It is an honor to Christ and to his grace, not only when we hold forth spiritual gifts, but also when we perform Christian duties. And duties performed in Faith (without which prayer itself is not accepted) they go not without a spiritual blessing, though Nature and Art might perform the same for the outward work. The trailing of the weapons of the Israelites and their military march, both in silence and shouting, about the walls of Jericho was no greater work externally than carnal men and Pagans might have performed as well as Israelites; but this being done by Israelites in faith and obedience to God’s command, it was mighty through God to cast down the high and strong walls of Jericho. And the Apostle, looking at this and the like precedents, setteth forth Faith as that which is prevalent and effectual in both Testaments, howsoever the work or worship be external. In like manner is it with the reading of the Word and the hearing of it, as also the silent joining in prayer and concluding it with Amen; though all these be such duties as Nature and Art may perform the outward work of them; yet when the people of God do perform the same in the faith of Christ, and in the obedience of God’s command they find a gracious blessing of God. Yea, carnal and profane persons and Pagans though they cannot expect the like blessing from their empty outside performances yet they sometimes taste more sweetness and enlargement therein than flesh and blood could imagine. Saul joining with the prophets in their holy melody found another Spirit coming on him which also argueth (by the way) that the joining of profane and carnal hypocrites in such spiritual songs, doth not evacuate the blessing of God to his people, but rather reach forth some spiritual blessing (though common) to such carnal hypocrites….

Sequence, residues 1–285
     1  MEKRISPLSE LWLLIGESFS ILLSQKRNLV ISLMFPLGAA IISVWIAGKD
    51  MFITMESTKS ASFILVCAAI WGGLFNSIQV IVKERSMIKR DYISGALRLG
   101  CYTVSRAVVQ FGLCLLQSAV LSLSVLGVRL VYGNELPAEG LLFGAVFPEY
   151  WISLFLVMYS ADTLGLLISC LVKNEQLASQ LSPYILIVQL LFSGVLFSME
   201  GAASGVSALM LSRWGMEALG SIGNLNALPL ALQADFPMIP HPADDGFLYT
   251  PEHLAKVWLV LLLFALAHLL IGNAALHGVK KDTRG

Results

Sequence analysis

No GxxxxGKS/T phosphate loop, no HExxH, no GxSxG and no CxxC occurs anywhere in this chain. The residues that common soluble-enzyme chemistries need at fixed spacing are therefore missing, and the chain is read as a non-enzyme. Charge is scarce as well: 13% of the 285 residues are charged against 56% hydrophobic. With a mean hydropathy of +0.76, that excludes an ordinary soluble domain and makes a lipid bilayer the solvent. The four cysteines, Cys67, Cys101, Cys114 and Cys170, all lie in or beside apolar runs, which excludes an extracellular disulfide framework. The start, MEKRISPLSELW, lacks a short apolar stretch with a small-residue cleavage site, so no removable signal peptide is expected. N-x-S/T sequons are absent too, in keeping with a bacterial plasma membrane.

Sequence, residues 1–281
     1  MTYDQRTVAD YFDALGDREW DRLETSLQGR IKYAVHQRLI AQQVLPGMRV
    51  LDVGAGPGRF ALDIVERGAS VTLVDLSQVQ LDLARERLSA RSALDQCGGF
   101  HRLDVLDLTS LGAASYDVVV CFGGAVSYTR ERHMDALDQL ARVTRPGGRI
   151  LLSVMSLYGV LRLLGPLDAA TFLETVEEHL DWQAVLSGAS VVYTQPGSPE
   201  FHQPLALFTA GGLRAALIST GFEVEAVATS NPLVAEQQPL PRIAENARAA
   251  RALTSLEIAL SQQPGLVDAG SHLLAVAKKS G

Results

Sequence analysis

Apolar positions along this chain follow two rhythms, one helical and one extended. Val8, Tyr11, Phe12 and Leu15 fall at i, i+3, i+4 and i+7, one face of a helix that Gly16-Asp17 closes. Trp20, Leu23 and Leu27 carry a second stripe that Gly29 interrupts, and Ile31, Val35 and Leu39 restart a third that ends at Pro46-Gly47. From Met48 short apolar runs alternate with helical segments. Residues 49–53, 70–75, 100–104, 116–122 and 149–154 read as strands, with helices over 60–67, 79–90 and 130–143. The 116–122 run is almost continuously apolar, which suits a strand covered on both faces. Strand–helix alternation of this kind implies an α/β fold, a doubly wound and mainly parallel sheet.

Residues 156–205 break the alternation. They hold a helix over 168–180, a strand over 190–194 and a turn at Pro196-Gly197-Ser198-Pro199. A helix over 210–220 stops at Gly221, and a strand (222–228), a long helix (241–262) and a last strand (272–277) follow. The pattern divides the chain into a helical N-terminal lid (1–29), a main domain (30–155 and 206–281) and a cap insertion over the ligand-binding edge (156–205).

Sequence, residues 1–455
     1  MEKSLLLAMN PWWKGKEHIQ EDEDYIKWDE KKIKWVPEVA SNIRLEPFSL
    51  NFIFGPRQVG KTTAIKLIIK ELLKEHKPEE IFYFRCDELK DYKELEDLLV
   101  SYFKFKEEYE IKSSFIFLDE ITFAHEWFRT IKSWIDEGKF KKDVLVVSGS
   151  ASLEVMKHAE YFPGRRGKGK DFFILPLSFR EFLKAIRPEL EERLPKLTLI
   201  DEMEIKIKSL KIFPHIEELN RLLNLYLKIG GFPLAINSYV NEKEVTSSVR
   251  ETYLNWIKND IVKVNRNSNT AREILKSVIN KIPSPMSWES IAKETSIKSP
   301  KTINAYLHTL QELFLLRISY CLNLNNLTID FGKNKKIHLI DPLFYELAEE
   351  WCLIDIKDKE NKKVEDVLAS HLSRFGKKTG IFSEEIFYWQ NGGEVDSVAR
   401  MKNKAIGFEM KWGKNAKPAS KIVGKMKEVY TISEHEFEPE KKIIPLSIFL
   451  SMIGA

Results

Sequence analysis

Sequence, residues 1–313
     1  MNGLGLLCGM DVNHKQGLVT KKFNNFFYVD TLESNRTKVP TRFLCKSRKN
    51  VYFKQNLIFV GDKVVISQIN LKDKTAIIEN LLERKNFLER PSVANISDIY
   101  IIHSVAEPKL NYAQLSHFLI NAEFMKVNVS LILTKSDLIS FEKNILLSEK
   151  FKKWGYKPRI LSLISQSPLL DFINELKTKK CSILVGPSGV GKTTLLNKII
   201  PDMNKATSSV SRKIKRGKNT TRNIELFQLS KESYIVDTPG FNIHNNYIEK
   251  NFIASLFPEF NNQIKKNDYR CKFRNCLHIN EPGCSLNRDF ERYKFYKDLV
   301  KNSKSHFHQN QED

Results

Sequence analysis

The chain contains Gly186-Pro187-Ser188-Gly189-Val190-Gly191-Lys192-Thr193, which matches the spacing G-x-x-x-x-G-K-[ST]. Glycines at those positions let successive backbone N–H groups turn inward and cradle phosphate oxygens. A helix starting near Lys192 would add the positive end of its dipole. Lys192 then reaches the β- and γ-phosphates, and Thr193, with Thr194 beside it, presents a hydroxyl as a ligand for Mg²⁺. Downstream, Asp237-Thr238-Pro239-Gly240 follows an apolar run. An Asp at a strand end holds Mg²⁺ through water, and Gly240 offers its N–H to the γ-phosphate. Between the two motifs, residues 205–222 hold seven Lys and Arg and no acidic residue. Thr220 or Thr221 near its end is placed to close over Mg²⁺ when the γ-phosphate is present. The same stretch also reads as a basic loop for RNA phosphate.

The second proof is taken from the example of Christ himself and of his saints and disciples in the New Testament. Christ himself with his disciples sung a Psalm or an Hymn together, in the end of the administration of the Lord’s Supper, Matt. xxvi. 30. And Paul and Silas are said to have “sung a Psalm in the Prison,” so as the “Prisoners heard them,” Acts xvi. 25. Now if in singing they had only spiritually rejoiced and not expressed their joy and their song in audible and lively voice the prisoners could not have heard them. The stranger doth not know nor meddle with the spiritual joy of the heart.

The place in Matt. xxvi. 30, may as well be translated “They praised God” as “They sung an Hymn.”

Though the meaning be they praised God, yet the word implieth they praised God with an Hymn; for it is improper in that language to translate the word to praise (whether God or man), but either with a Song, or with a Poem. It is more probable, than any reason can waive, that Christ and his disciples did shut up the Lord’s Supper with singing one of their Hebrew Psalms; as the Jews were wont to shut up their celebration of the Passover (as their own records tell us) with singing Psalm iii. with the five other Psalms next following together. But all that I now intend is to show that Christ and his disciples sang together, and therefore with the voice as well as the heart.